• Cantate Domino, 1v, bc, 16252; ed. F. Vatielli, Antiche cantate spirituali (Turin, 1922)
  • O quam suavis, 1v, bc, 16453
  • Magnificat, 6vv, 2 vn, bc, 16505; ed. F. Bussi (Milan, 1988)
  • In virtute tua, 3vv, bc, 16561
  • O bone Jesu, 2vv, bc, 16561
  • Plaudite, cantate, 3vv, bc, 16561
  • Missa pro defunctis [Requiem], 8vv, bc, D-Bsb, Dlb; ed. F. Bussi (Milan, 1978)

Operas edit

Attributions to Cavalli considered doubtful by American musicologist Thomas Walker are indicated in the notes.[2][4]

Title Libretto Première date Place, theatre Notes
Le nozze di Teti e di Peleo Orazio Persiani 24 January 1639 Venice, Teatro San Cassiano  
Gli amori d'Apollo e di Dafne Giovanni Francesco Busenello 1640 Venice, Teatro San Cassiano  
La Didone Giovanni Francesco Busenello 1641 Venice, Teatro San Cassiano  
L'amore innamorato Giovanni Battista Fusconi 1 January 1642 Venice, Teatro San Moisè
Narciso et Ecco immortalati Orazio Persiani 30 January 1642 Venice, Teatro Santi Giovanni e Paolo music lost, doubtful
La virtù dei strali d'Amore Giovanni Faustini 1642 Venice, Teatro San Cassiano  
L'Egisto Giovanni Faustini autumn 1643 Venice, Teatro San Cassiano  
La Deidamia Scipione Herrico 5 January 1644 Venice, Teatro Novissimo music lost, doubtful
L'Ormindo Giovanni Faustini 1644 Venice, Teatro San Cassiano  
Il Romolo e 'l Remo Giulio Strozzi 1645 Venice, Teatro Santi Giovanni e Paolo music lost, doubtful
La Doriclea Giovanni Faustini 1645 Venice, Teatro San Cassiano  
Il Titone Giovanni Faustini 1645 Venice, Teatro San Cassiano music lost
La prosperità infelice di Giulio Cesare dittatore Giovanni Francesco Busenello 1646 Venice, Teatro Santi Giovanni e Paolo music lost, doubtful
La Torilda Pietro Paolo Bissari 1648 Venice, Teatro Santi Giovanni e Paolo or Teatro San Cassiano music lost, doubtful
Il Giasone Giacinto Andrea Cicognini 5 January 1649 Venice, Teatro San Cassiano  
L'Euripo Giovanni Faustini 1649 Venice, Teatro San Moise music lost
L'Orimonte Nicolò Minato 23 February 1650 Venice, Teatro San Cassiano  
La Bradamante Pietro Paolo Bissari 1650 Venice, Teatro Santi Giovanni e Paolo music lost, doubtful
L'Armidoro Bortolo Castoreo 20 January 1651 Venice, Teatro Sant 'Apollinare music lost, doubtful
L'Oristeo Giovanni Faustini 9 February 1651 Venice, Teatro Sant'Apollinare  
La Rosinda Giovanni Faustini 1651 Venice, Teatro Sant'Apollinare also known as Le magie amorose
La Calisto Giovanni Faustini 28 November 1651 Venice, Teatro Sant'Apollinare  
L'Eritrea Giovanni Faustini 17 January 1652 Venice, Teatro Sant'Apollinare  
La Veremonda, l'amazzone di Aragona Giacinto Andrea Cicognini and Giulio Strozzi 21 December 1652 Naples, Nuovo Teatro del Palazzo Reale also known as Il Delio
L'Helena rapita da Theseo[5] Giacomo Badoaro? 1653 Venice, Teatro Santi Giovanni e Paolo music lost, doubtful
L'Orione Francesco Melosio June 1653 Milan, Teatro Real  
Il Ciro Giulio Cesare Sorrentino 30 January 1654 Venice, Teatro Santi Giovanni e Paolo in collaboration with Francesco Provenzale
Il Xerse Nicolò Minato 12 January 1655 Venice, Teatro Santi Giovanni e Paolo  
L'Erismena Aurelio Aureli 30 December 1655 Venice, Teatro Sant'Apollinare  
Statira principessa di Persia Giovanni Francesco Busenello 18 January 1656 Venice, Teatro Santi Giovanni e Paolo  
L'Artemisia Nicolò Minato 10 January 1657 Venice, Teatro Santi Giovanni e Paolo  
L'Hipermestra Giovanni Andrea Moniglia 12 June 1658 Florence, Teatro degli Immobili  
L'Antioco Nicolò Minato 12 January 1659 Venice, Teatro San Cassiano music lost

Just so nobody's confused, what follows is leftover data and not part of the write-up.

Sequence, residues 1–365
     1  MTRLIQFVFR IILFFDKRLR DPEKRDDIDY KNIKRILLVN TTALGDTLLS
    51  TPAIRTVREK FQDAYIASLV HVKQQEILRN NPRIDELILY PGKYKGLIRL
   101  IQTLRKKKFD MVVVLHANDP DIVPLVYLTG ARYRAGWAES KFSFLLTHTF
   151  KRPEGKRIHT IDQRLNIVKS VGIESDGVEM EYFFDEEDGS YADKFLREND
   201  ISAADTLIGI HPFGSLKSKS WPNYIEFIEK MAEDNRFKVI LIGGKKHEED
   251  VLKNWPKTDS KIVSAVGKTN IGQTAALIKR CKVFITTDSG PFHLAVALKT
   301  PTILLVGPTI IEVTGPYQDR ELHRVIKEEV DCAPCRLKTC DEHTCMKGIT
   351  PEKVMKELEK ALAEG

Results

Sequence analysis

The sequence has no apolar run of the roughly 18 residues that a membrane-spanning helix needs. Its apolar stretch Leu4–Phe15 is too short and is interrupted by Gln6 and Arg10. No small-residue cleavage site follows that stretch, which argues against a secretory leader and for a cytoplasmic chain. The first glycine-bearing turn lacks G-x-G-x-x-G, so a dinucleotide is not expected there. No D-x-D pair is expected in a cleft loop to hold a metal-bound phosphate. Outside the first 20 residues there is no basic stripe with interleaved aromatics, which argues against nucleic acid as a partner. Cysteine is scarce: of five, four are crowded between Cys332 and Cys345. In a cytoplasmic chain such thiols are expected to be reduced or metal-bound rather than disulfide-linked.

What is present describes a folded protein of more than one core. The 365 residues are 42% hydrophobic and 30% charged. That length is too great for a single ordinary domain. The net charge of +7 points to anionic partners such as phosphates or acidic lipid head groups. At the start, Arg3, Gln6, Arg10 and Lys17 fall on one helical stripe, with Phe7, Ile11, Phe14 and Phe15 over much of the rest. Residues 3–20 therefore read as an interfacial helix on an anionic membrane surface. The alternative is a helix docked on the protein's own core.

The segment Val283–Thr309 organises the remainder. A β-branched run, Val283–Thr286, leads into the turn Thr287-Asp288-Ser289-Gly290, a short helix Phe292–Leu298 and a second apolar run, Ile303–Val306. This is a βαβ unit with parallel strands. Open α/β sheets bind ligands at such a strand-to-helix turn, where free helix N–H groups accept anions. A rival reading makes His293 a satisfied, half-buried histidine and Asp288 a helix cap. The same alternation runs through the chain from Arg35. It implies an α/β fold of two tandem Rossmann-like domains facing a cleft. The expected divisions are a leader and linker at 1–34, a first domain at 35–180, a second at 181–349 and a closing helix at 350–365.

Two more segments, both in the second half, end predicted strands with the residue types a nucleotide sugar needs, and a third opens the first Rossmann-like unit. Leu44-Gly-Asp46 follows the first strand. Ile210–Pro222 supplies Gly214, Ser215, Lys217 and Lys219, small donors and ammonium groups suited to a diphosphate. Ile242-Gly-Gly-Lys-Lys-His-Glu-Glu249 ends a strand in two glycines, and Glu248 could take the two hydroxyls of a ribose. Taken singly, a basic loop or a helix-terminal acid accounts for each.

Elena Giovanni Faustini and Nicolò Minato 26 December 1659 Venice, Teatro San Cassiano also known as Il rapimento d'Helena
La pazzia in trono, ossia il Caligola delirante Domenico Gisberti 1660 Venice, Teatro Sant'Apollinare music lost, doubtful
Ercole amante Francesco Buti 7 February 1662 Paris, at the Salle des Machines in the Tuileries Palace Ballet music by Jean-Baptiste Lully
Scipione affricano Nicolò Minato 9 February 1664 Venice, Teatro Santi Giovanni e Paolo  
Muzio Scevola Giovanni Faustini and Nicolò Minato 26 January 1665 Venice, Teatro San Samuele  
Pompeo Magno Nicolò Minato 20 February 1666 Venice, Teatro San Salvatore  
Eliogabalo Aurelio Aureli composed 1667, premiered 1999[6] Venice, Teatro San Salvatore
Coriolano Cristoforo Ivanovich 27 May 1669 Piacenza, Teatro Ducale music lost
Masenzio Giacomo Francesco Bussani composed 1673 unperformed and music lost

Modern performances edit

Cavalli's music was revived in the twentieth century. The Glyndebourne production of La Calisto is an example.[7] More recently, Hipermestra was performed at Glyndebourne in 2017.[8] The discography is extensive and Cavalli has featured in BBC Radio 3's Composer of the Week series.[3]

See also edit

References edit

  1. ^ Walker, Thomas (2001). "Cavalli [Caletti, Caletto, Bruni, Caletti-Bruni, Caletto Bruni], (Pietro) [Pier] Francesco". Grove Music Online. Revised by Irene Alm. Oxford: Oxford University Press. doi:10.1093/gmo/9781561592630.article.05207. ISBN 978-1-56159-263-0. (subscription or UK public library membership required)
  2. ^ a b Walker, Thomas (1992). "Cavalli, Francesco", vol. 1, pp. 783–789, in The New Grove Dictionary of Opera, four volumes, edited by Stanley Sadie. London: Macmillan.
  3. ^ a b "Composer of the Week". Retrieved 5 August 2012.
  4. ^ "Cavalli (real name, Caletti), Pier Francesco", Retrieved 15 April 2024.
  5. ^ L'Helena rapita da Theseo, 1653 libretto, Library of Congress.
  6. ^ Fonseca-Wollheim, Corinna da (8 March 2013). "A Senate of Prostitutes? Now That's Opera!". The New York Times. ISSN 0362-4331. Retrieved 6 February 2023.
  7. ^ Ross, Alex, "Unsung: Rediscovering the Operas of Francesco Cavalli." The New Yorker, 25 May 2009, pp. 84–85.
  8. ^ Maddocks, Fiona (26 May 2017). "Hipermestra review – Cavalli comes in from the cold". The Observer. Guardian. Retrieved 4 July 2017.

Further reading edit

External links edit